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1.  Educational Needs of Patients Undergoing Total Joint Arthroplasty 
Physiotherapy Canada  2010;62(3):206-214.
Purpose: To identify the educational needs of adults who undergo total hip and total knee replacement surgery.
Methods: A qualitative research design using a semi-standardized interviewing method was employed. A purposive sampling technique was used to recruit participants, who were eligible if they were scheduled to undergo total hip or total knee replacement or had undergone total hip or total knee replacement in the previous 3 to 6 months. A comparative contrast method of analysis was used.
Results: Of 22 potential participants who were approached, 15 participated. Five were booked for upcoming total hip or total knee replacement and 10 had undergone at least one total hip or total knee replacement in the previous 3 to 6 months. Several themes related to specific educational needs and factors affecting educational needs, including access, preoperative phase, surgery and medical recovery, rehabilitation process and functional recovery, fears, and expectations counterbalanced with responsibility, emerged from the interviews.
Conclusions: Educational needs of adults who undergo total hip and knee replacement surgery encompass a broad range of topics, confirming the importance of offering an all-inclusive information package regarding total hip and total knee replacement.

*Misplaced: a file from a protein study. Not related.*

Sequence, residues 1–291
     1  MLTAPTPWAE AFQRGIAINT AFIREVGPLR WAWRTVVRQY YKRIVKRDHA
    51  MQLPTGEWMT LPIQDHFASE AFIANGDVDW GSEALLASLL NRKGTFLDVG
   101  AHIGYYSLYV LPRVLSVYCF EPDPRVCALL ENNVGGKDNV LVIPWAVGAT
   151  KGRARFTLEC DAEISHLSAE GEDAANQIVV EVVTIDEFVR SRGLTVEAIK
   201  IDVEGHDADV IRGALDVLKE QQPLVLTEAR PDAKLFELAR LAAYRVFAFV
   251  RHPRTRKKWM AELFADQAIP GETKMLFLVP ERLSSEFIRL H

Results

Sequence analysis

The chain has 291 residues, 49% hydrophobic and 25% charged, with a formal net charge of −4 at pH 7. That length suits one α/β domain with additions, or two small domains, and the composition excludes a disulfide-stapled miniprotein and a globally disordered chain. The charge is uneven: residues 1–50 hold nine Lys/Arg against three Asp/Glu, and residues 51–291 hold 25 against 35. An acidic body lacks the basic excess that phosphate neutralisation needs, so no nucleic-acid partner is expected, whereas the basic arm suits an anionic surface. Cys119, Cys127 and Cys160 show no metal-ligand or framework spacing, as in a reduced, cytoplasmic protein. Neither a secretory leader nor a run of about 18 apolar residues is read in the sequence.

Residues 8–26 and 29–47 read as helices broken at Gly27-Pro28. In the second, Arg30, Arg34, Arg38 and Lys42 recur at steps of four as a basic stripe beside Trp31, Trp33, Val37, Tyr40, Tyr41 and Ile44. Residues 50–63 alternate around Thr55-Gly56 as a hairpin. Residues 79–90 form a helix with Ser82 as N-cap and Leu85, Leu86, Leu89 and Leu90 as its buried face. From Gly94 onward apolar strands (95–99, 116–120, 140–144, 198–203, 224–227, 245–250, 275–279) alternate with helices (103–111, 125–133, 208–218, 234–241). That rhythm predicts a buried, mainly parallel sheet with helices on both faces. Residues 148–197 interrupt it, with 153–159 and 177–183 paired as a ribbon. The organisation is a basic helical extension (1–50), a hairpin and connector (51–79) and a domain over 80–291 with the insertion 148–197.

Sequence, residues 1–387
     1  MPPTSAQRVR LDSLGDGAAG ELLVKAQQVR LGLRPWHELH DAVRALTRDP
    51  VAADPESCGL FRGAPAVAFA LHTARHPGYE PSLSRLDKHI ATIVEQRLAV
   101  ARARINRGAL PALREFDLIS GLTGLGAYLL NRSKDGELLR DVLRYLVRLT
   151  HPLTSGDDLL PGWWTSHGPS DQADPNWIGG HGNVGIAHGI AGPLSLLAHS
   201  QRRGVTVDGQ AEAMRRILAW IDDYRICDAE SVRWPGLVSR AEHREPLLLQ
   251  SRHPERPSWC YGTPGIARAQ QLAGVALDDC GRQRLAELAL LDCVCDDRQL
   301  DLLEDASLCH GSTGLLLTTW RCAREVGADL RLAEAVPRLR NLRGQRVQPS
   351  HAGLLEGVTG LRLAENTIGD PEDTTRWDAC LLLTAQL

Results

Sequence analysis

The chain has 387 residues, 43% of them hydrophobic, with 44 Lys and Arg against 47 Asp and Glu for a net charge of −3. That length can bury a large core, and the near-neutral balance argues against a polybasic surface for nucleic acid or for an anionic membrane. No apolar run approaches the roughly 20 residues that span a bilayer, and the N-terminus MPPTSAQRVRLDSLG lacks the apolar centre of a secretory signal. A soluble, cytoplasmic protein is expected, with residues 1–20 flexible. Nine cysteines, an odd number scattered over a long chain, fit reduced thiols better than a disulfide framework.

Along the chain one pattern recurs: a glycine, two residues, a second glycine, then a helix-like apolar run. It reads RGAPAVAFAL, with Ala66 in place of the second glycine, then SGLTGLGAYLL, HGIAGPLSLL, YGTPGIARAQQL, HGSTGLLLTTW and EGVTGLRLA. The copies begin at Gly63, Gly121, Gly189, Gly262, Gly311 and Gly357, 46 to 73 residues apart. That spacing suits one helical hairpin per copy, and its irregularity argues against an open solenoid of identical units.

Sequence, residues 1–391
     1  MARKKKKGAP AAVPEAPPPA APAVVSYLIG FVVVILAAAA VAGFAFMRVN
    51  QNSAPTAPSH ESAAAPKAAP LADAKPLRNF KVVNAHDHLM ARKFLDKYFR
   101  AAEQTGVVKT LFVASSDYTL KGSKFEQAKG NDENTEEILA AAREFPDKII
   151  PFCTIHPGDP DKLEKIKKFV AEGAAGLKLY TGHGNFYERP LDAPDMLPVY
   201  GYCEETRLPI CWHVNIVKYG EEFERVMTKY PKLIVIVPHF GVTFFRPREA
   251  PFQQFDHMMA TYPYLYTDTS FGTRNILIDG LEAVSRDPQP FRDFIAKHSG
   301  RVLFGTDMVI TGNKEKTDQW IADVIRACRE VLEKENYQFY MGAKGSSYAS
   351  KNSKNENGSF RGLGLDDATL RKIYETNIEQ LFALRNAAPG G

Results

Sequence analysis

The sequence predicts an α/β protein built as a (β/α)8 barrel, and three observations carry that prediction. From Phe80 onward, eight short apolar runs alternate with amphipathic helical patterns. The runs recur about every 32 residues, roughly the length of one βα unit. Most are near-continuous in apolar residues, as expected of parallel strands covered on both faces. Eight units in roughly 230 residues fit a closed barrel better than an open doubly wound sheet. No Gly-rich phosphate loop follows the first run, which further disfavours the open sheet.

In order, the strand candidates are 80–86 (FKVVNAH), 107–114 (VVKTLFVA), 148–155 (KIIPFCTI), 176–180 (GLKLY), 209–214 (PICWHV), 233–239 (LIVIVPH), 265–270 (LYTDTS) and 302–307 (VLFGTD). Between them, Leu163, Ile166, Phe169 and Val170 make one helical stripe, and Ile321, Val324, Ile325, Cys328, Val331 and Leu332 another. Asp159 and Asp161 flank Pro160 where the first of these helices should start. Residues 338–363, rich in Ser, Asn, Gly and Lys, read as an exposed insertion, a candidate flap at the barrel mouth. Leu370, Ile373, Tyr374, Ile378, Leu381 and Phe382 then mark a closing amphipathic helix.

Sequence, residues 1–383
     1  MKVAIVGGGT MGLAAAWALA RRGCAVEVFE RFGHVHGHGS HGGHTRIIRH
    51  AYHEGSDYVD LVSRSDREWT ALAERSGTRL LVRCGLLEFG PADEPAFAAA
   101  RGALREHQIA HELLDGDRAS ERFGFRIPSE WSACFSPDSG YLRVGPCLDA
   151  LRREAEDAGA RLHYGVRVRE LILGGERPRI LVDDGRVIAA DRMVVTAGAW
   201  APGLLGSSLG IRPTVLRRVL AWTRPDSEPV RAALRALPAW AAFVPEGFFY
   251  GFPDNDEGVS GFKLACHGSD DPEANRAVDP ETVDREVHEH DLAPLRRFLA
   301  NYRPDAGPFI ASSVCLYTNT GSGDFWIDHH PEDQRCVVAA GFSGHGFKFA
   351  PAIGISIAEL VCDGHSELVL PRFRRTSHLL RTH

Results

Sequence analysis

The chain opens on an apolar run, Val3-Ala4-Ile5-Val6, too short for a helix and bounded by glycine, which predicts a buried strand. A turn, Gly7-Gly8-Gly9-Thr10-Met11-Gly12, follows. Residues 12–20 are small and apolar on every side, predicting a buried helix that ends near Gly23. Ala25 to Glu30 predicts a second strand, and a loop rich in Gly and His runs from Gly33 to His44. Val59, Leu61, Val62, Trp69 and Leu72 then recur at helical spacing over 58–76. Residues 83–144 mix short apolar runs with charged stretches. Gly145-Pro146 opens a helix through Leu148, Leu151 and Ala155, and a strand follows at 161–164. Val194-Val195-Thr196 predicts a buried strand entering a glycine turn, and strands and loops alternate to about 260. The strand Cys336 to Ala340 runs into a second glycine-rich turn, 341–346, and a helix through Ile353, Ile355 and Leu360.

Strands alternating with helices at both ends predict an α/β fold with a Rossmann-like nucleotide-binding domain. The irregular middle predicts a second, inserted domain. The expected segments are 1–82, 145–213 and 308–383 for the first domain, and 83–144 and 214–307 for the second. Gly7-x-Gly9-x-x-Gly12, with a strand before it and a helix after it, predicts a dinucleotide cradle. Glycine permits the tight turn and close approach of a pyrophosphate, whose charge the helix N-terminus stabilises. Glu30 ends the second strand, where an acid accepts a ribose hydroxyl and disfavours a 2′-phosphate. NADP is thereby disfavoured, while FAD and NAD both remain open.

PMCID: PMC2909857  PMID: 21629598
educational needs; patient education; qualitative research; total hip arthroplasty; total knee arthroplasty; arthroplastie totale de la hanche; arthroplastie totale du genou; besoins éducatifs; éducation des patients; recherche qualitative
2.  Living Environments for People with Moderate to Severe Acquired Brain Injury 
Healthcare Policy  2010;5(4):e120-e138.
This study examines the issue of living environments for persons with acquired brain injury (ABI), with the aim of identifying factors that enable or act as barriers to appropriate living environments.
A qualitative study involving 31 semi-structured interviews conducted with 56 key informants representing various relevant sectors: institutional, community, residential and non-residential, consumer/advocacy and government/policy from six regions in the province of Ontario, Canada.
The study identified such barriers as lack of ABI-specific facilities, beds and trained staff and a poorly coordinated system in many areas, with long wait lists for specialized residential settings. Clients with ABI need individualized treatment, making development of a standardized model of care difficult, particularly for those with co-morbid conditions. Solutions such as more flexible options for clients and better trained staff emerged.
The study presents solutions to challenges and limitations in addressing appropriate living environments for persons with ABI.
PMCID: PMC2875897  PMID: 21532762

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